Will Estate Tax Reform Eliminate Need for Estate Planning?

Jack G. Hittle

Author: Jack G. Hittle

POST DATE: 9.5.17
Ccha  Estate Planning

It is assumed there is going to be some sort of estate tax reform.  Whether the estate is entirely repealed, or a partial repeal, remains to be seen.  An initial response may be that, “yippee” we no longer need estate planning.  As attractive as that sounds, it is probably naïve.  This article is intended to simply raise some of the questions we all have, with no concrete answers at this point.

It’s tough to make predictions, especially about the future.
Yogi Berra

Although tax reform is widely discussed as inevitable with the Trump administration, when it will occur is certainly unknown.  With the setbacks we have already seen, such as Obamacare, things are not going to go as smoothly as Republicans might have thought.  Thus, it is likely that any serious estate tax reform will not occur until the second half of 2017, if then.  Most of the publicity has to do with income tax legislation, although it is a fair assumption that the estate and gift tax repeal or change would be swept in at the same time.  Of course, that is not necessarily true.  Whichever direction estate tax reform may go, the political reality is that Republicans will eventually lose control, Democrats will regain control and may try to reinstitute or modify any estate tax changes.  Some historical perspective here is helpful.  

Currently, estate and gift taxes raise less than 1% of the total federal revenue.  Therefore, one of the realities of estate and gift tax law is not to raise revenue, but for social purposes.  Our present estate tax laws go back to 1916.  They were enacted to help fund World War I; however, when that war was over, it is no shock that the estate tax was not repealed.  This has been historically true of many tax implementations in our country’s history.  Now, it seems generally agreed the purpose of the estate tax is to limit the transfer and built up of huge estates.  If that thinking prevails, then the actual amount of money raised or not raised by the estate tax will not be as important as the perceived society benefits to the prevention of wealth accumulation. 

As economists discuss the repeal of the estate tax, there are numerous issues, none of which can be anticipated at this point.  From a planning standpoint, it is going to be difficult to know which way to plan, until it becomes clearer as to what type of legislation might be passed.  For example, there is presently a concept known as Generation Skipping Transfer Tax (GST), which again is designed to prevent the build up of wealth.  If this GST tax gets eliminated, with the likely threat that it could be readopted at a later time, there might be some planning opportunities in putting property or assets into dynasty type generation skipping trusts, with the hope that these would be grandfathered in the event of any future legislation.  That is totally speculative, but at least provides some planning opportunity.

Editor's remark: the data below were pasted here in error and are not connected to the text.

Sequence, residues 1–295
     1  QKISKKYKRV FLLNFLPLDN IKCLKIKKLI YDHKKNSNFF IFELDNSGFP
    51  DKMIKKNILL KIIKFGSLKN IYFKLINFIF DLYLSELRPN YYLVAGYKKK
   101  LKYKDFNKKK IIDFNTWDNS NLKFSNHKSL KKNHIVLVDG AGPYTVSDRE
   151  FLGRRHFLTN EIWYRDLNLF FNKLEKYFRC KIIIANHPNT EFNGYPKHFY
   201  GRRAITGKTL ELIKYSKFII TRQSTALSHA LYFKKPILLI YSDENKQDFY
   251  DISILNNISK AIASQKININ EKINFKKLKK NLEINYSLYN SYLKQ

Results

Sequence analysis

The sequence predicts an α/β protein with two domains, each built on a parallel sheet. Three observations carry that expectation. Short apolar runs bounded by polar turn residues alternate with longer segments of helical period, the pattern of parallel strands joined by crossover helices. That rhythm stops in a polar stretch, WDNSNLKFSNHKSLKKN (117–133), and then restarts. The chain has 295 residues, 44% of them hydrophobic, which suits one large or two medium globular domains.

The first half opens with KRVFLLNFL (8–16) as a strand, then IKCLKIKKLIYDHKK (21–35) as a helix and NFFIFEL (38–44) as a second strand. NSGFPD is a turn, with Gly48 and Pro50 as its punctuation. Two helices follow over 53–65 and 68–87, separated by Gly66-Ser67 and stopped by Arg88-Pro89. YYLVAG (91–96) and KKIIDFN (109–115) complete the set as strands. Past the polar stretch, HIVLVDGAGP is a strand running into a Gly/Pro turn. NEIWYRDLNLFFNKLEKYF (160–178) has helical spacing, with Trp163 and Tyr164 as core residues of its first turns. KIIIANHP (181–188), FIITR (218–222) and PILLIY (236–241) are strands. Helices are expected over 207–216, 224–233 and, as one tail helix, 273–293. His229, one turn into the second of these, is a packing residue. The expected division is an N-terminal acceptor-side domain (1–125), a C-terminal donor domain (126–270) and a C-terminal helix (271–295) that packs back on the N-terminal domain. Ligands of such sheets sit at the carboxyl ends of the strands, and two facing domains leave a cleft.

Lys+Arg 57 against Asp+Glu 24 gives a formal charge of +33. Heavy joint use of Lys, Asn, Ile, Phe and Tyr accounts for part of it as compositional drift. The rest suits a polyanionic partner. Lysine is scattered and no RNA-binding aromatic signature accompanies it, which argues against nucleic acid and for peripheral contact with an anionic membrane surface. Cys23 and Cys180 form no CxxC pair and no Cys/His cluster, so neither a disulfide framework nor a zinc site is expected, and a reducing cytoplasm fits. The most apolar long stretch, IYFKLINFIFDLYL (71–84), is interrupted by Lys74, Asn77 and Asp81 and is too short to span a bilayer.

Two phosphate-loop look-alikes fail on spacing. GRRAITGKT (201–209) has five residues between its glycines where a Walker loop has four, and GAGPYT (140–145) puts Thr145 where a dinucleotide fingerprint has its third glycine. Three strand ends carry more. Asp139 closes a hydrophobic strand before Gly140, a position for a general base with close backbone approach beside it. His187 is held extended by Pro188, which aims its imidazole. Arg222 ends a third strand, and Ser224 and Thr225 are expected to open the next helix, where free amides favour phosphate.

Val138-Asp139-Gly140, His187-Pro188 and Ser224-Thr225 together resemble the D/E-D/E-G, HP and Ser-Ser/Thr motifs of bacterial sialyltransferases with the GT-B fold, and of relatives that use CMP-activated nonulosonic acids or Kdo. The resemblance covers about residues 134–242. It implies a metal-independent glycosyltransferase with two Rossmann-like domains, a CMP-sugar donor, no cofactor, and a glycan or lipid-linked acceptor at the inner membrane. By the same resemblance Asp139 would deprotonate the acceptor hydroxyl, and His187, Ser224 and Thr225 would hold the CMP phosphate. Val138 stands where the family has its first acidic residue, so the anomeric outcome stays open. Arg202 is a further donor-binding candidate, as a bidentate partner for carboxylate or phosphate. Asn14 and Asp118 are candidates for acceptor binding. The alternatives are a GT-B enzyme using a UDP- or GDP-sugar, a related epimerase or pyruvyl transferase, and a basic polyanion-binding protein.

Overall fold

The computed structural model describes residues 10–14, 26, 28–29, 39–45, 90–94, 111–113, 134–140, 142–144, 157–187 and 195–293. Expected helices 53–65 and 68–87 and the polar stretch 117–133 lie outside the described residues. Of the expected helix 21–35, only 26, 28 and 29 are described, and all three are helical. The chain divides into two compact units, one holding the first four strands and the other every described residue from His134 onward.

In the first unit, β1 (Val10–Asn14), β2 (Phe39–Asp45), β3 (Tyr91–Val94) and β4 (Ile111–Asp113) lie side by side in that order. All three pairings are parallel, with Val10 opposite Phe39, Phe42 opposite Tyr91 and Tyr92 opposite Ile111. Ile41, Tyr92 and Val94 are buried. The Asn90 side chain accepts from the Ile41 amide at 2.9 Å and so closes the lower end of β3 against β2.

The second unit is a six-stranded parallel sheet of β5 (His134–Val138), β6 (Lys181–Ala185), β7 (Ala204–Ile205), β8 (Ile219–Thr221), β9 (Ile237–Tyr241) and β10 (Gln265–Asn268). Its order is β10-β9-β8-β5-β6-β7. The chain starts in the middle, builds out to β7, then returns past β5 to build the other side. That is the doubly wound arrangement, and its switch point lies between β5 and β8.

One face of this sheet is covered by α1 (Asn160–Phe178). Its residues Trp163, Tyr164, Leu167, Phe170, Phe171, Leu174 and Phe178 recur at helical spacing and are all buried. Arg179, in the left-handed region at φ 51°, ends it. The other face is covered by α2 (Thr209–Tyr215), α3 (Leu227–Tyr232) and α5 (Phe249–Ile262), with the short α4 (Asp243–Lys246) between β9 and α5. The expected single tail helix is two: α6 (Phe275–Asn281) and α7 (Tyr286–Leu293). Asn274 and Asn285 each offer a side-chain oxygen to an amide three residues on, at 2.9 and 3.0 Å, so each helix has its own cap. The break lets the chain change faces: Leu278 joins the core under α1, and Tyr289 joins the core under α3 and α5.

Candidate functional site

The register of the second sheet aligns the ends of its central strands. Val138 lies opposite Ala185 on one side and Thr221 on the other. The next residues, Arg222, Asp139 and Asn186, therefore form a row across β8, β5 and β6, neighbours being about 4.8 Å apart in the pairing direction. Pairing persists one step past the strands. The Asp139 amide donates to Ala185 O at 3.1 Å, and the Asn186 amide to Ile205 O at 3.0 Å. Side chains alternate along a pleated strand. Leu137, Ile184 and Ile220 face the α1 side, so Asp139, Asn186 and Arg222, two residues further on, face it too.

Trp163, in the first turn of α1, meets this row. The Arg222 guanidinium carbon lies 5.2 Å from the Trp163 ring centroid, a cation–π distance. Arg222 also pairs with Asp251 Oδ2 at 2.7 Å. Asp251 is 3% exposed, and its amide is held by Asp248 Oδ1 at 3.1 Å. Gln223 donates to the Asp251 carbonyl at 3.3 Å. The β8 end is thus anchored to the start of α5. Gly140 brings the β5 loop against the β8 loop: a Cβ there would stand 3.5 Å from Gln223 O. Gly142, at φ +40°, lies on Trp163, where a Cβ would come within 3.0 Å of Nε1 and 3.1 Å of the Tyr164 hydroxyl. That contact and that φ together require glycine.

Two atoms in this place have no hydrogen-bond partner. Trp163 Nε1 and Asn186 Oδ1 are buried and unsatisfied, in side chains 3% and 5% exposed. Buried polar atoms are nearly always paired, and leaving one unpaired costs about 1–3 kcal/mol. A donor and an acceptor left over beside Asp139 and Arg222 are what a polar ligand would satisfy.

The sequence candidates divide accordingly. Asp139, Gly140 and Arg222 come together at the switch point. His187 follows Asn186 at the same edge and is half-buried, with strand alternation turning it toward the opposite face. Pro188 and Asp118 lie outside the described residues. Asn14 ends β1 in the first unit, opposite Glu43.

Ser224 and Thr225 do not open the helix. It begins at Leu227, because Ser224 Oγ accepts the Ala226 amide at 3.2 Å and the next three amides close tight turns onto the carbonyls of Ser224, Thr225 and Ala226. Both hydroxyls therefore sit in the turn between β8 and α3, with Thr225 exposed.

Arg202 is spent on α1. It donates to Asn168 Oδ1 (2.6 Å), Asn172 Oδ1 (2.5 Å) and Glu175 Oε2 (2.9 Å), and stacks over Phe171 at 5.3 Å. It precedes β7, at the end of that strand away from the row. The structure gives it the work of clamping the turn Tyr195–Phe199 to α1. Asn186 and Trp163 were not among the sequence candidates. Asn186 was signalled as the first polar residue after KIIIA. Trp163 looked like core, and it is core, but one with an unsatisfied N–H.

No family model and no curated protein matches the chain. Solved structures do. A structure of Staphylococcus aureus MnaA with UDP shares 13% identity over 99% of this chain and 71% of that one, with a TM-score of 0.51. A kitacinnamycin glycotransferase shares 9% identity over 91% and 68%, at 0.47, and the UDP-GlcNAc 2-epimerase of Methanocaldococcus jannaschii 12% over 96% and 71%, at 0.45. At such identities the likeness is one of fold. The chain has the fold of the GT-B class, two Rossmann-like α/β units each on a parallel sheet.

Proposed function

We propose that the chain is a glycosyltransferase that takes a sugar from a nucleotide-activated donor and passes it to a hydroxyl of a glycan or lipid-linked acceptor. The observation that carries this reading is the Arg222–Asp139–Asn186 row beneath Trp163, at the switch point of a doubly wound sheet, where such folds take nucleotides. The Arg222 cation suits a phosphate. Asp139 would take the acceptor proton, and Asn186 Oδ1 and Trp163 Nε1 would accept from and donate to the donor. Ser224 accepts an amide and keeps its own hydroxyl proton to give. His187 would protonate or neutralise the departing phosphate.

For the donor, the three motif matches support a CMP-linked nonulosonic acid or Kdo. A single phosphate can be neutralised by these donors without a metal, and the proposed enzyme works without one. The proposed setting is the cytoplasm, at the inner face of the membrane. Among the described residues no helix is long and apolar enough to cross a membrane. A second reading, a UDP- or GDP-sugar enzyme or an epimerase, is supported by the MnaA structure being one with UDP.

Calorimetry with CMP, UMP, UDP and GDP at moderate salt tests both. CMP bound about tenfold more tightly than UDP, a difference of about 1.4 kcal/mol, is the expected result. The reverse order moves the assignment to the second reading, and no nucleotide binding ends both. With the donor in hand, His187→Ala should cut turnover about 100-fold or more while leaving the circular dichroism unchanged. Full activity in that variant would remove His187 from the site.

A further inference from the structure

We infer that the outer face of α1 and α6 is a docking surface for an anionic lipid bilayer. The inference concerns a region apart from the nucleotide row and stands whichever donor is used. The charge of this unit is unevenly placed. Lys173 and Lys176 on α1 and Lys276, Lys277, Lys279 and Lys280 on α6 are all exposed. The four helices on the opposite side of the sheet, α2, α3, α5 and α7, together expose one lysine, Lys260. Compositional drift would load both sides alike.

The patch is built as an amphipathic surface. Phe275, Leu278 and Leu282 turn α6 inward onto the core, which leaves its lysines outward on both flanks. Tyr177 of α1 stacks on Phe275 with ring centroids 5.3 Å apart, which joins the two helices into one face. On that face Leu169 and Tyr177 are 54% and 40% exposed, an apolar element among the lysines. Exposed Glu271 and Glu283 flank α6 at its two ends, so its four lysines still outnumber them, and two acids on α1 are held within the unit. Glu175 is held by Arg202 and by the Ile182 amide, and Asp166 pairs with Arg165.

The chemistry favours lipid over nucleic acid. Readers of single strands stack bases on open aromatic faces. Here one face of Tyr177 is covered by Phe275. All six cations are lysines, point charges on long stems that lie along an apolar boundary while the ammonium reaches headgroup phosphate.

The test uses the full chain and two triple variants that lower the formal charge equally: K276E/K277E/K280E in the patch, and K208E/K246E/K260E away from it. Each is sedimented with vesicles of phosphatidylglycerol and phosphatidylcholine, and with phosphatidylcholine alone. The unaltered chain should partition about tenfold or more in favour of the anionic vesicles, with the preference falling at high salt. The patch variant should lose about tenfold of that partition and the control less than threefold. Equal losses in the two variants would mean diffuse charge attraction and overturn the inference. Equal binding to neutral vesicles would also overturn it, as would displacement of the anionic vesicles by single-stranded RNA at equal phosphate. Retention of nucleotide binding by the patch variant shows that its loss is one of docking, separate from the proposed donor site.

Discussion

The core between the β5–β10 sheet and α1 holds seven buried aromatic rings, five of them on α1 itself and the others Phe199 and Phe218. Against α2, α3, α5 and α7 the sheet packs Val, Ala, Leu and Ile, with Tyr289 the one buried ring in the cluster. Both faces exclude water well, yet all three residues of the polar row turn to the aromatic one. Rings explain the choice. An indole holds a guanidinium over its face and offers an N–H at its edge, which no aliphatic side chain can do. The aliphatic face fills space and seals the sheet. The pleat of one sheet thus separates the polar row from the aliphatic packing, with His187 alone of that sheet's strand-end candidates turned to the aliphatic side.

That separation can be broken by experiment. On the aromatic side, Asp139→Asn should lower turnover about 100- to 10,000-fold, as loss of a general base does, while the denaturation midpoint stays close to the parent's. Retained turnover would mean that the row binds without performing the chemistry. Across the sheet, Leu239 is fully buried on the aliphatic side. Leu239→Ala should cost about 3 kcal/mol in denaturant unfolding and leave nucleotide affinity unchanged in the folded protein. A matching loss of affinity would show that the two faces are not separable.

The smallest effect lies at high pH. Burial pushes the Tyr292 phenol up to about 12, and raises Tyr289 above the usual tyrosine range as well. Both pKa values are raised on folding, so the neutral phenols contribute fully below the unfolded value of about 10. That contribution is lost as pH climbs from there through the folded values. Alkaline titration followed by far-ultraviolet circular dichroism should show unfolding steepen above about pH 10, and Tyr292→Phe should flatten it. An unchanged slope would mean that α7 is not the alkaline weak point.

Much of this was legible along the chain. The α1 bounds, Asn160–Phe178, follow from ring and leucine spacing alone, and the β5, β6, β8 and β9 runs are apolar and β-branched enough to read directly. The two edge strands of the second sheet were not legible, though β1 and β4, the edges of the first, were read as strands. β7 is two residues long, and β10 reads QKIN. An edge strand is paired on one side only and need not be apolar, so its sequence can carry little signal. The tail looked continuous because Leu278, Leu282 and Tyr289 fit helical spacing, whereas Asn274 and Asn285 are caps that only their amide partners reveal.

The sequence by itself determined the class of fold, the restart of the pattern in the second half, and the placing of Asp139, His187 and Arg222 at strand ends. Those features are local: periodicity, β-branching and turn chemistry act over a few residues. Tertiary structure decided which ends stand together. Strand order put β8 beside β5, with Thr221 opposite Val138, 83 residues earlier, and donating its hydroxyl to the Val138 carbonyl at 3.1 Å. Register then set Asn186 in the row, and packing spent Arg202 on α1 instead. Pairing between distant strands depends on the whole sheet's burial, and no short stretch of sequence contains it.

Planning will also be made difficult by not knowing the effective date of any estate tax elimination.  If Congress gets to this matter quickly, they believe that they could make it retroactive to January 1, 2017.  But as Congress gets more and more delayed, that appears less likely.  Since there would be some loss of revenue from this, the issue will also be whether a change would be effective immediately, or phased in over a number of years.  An additional problem Congress will have in passing any such law is not just the normal bipartisan fights, but expect lobbyists to become very vigorous in their support or rejection to any change that impacts their respective industry.

While some people believe that a repeal of the estate tax would necessarily take with it a repeal of the gift tax, that is not so apparent.  The proposed legislation eliminating the estate tax does not seem to equally repeal the gift tax.  So, we will have to wait to see how gift tax may be treated.

One thing most experts agree on is that if the estate tax is repealed, Congress would also do something about changing the step up in basis rules.  Most commentators believe that the step up in basis concept will be eliminated.  This would allow a potential recovery of revenue from income tax, because the carryover of the decedent’s basis in some fashion would certainly cause more income tax at a later time.  However, as with our present system, usually the taxpayer controls when the capital gains is going to be triggered.  Just a simple reduction of step up in basis could have unintended consequences, if people continue to hold on to assets.  There are numerous variations of what could replace the step up basis.  Thus, keep an eye on that critical part of any discussion.

What is the conclusion of all this?  We at CCHA believe that a repeal of the estate tax will not result in a simple approach that would require no planning.  Planning may just get more complicated, especially if one considers that you are now going to need to plan estates based on current law, but also needing to keep a close eye on what political reaction could be in the future to reestablishing the law that gets repealed.  

If you have not yet had the opportunity to discuss your estate planning needs with an attorney or would like your existing plan reviewed and updated, please contact us to schedule a free consultation.

To learn more about Jack and his practice, please visit his profile.